Author and Scarborough Resident Bob Minzesheimer's Top Five Books About Books

The Scarborough bibliophile on his five favorite books about books




Bob Minzesheimer, who writes about books and their authors for USA Today, has a literary address: he lives on Revolutionary Road in Scarborough, the same street Revolutionary Road author Richard Yates lived on as a kid. Here, Minzesheimer describes his five favorites books about books.


1) The Uncommon Reader (Alan Bennett)
This “hilarious and pointed” novella imagines a modern-day queen of England who happens upon a mobile library and becomes a serious reader, much to the consternation of her aides and the prime minister. “It’s a political and literary satire,” Minzesheimer says, “as well as a lovely lesson in the redemptive and subversive power of reading.”


2) Ex Libris: Confessions of a Common Reader (Anne Fadiman)
Minzesheimer says this “delightful” collection of 18 essays has much to recommend it. Penned by the daughter of “one of the great old men of books,” Clifton Fadiman—he was among the first judges for the Book-of-the-Month Club—it “celebrates her family’s love affair with books and words.”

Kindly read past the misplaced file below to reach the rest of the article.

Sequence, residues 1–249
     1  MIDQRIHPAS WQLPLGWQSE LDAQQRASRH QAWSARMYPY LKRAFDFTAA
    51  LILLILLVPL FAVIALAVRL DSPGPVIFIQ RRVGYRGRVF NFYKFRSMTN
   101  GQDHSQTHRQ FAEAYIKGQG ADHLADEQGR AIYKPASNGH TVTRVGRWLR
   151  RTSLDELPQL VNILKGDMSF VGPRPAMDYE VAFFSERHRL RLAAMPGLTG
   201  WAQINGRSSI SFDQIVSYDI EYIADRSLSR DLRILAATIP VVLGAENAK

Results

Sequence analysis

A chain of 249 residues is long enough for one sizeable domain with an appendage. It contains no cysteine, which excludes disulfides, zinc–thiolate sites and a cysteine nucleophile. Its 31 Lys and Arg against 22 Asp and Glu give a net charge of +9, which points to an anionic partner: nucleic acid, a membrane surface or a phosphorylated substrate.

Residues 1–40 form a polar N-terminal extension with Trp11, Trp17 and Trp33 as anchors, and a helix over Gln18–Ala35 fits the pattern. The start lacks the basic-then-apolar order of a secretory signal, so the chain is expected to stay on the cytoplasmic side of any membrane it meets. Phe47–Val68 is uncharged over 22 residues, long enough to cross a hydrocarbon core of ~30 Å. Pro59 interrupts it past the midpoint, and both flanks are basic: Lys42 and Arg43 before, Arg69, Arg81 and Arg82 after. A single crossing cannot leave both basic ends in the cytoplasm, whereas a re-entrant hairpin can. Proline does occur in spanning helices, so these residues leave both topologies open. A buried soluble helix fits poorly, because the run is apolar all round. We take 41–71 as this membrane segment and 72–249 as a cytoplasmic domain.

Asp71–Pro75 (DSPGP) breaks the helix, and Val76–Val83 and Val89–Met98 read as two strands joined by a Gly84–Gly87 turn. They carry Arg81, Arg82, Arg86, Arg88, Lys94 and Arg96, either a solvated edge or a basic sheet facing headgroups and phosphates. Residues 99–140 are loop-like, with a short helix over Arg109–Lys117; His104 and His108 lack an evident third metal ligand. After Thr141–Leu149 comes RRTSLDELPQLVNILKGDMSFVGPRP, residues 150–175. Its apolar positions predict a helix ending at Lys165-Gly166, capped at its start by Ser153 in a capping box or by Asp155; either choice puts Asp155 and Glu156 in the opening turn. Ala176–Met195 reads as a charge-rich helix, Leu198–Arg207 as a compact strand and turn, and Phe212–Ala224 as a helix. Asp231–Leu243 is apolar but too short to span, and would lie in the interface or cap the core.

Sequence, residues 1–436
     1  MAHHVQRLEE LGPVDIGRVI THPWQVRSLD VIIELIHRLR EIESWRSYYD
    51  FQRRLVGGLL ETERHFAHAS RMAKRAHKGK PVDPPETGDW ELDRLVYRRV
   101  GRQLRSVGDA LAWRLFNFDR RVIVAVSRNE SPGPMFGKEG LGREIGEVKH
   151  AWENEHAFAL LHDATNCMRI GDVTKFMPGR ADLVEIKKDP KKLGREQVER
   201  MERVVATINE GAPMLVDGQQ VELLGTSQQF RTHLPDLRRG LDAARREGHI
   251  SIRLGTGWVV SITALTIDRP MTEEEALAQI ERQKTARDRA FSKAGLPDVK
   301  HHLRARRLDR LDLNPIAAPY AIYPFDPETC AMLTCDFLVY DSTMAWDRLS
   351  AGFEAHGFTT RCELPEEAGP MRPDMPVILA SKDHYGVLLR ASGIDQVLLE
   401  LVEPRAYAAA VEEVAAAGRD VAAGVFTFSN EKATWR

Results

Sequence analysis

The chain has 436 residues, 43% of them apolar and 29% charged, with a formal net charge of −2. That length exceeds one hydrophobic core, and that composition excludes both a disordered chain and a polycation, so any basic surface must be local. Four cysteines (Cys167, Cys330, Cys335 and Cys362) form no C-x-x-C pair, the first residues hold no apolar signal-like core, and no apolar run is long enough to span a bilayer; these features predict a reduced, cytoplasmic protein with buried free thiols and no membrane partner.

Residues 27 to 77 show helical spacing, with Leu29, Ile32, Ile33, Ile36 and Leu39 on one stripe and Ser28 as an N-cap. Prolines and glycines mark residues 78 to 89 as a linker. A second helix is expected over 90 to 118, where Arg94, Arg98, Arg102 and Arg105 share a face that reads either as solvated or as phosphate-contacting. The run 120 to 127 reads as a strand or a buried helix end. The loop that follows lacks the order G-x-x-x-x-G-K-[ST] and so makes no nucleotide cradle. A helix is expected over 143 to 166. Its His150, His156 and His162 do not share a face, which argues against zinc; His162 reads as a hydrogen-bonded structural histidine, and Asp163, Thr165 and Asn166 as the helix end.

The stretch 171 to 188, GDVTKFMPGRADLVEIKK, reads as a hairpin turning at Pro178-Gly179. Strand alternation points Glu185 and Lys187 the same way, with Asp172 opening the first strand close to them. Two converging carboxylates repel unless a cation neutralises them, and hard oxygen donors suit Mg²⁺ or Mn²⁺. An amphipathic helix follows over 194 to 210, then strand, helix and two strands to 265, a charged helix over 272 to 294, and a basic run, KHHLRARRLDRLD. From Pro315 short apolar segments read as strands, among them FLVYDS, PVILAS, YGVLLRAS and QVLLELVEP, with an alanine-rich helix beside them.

3) 84 Charing Cross Road (Helene Hanff)
Adapted as a play and movie, 84 Charing Cross Road recreates the author’s 20-year correspondence with Frank Doel, a London bookseller. While the two never met, they became the best of friends, with Doel shipping scores of old books to Hanff in New York. “Amazon.com may have low prices and computerized reading recommendations,” Minzesheimer says, “but I would never consider it a real friend.”


4) Stylized: A Slightly Obsessive History of Strunk & White’s The Elements of Style (Mark Garvey)
“After fifty years,” says Minzesheimer, “The Elements of Style remains the best little guidebook to writing.” (The guide’s most useful—and ignored—piece of advice? “Omit needless words,” he opines.) Minzesheimer describes Garvey’s anecdotal history as a love letter to the book and its co-authors, Cornell professor William Strunk, Jr., and his former student E.B. White, the great essayist and children’s novelist who grew up in Mount Vernon.

5) Scout, Atticus and Boo: A Celebration of Fifty Years of To Kill a Mockingbird (Mary McDonagh Murphy)
Yes, Minzesheimer says, this favorite happens to be by his wife. Murphy has written a social history of Harper Lee’s first and only novel through interviews with what Minzesheimer calls the “ultimate book club,” including Anna Quindlen, Wally Lamb, Oprah Winfrey, and Tom Brokaw. “Scout, Atticus and Boo celebrates the novel’s grace, humor, and value,” he adds.

 

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